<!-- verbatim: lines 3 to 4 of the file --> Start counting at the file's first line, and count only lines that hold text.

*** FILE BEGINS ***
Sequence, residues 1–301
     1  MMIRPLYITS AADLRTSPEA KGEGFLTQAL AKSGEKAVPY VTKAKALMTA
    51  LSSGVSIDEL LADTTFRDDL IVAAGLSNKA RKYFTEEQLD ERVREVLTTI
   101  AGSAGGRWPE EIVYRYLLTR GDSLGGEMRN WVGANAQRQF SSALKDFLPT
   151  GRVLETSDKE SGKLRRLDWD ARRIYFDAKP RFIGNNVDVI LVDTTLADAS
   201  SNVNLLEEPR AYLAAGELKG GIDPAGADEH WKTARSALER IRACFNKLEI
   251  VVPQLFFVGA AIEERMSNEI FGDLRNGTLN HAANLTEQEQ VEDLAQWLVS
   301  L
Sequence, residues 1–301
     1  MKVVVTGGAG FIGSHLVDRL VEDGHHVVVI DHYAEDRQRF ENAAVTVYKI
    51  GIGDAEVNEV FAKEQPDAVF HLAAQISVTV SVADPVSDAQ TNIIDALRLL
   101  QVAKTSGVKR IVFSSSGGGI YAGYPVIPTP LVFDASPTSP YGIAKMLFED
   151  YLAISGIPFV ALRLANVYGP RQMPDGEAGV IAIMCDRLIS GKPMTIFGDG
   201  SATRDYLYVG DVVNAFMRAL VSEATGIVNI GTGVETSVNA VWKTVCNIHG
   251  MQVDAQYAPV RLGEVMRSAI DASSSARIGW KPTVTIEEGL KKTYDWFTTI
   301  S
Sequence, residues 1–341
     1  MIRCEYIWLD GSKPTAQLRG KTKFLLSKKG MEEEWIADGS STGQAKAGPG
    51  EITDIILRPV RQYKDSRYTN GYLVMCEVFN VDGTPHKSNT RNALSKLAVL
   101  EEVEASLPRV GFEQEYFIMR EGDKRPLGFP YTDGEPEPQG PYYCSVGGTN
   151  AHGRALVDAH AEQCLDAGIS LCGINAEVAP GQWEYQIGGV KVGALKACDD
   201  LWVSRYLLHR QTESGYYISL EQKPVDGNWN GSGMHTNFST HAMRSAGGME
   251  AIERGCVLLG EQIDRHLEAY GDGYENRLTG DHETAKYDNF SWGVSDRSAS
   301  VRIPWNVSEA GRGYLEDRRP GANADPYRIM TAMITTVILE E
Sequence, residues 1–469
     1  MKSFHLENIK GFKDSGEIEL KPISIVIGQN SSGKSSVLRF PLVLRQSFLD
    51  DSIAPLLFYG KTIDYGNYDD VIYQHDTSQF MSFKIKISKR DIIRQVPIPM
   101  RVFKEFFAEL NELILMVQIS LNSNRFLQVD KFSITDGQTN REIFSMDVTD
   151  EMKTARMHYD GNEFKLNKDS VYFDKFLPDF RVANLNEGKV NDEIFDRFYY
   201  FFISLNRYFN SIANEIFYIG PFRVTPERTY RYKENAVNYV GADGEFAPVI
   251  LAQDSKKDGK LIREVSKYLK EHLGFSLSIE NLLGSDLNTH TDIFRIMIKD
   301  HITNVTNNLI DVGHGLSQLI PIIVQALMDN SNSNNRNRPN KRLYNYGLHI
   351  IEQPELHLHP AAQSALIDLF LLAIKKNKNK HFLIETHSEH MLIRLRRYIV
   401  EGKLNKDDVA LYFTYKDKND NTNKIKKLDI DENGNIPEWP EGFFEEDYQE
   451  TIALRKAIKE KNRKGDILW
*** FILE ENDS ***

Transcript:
    51  LSSGVSIDEL LADTTFRDDL IVAAGLSNKA RKYFTEEQLD ERVREVLTTI
   101  AGSAGGRWPE EIVYRYLLTR GDSLGGEMRN WVGANAQRQF SSALKDFLPT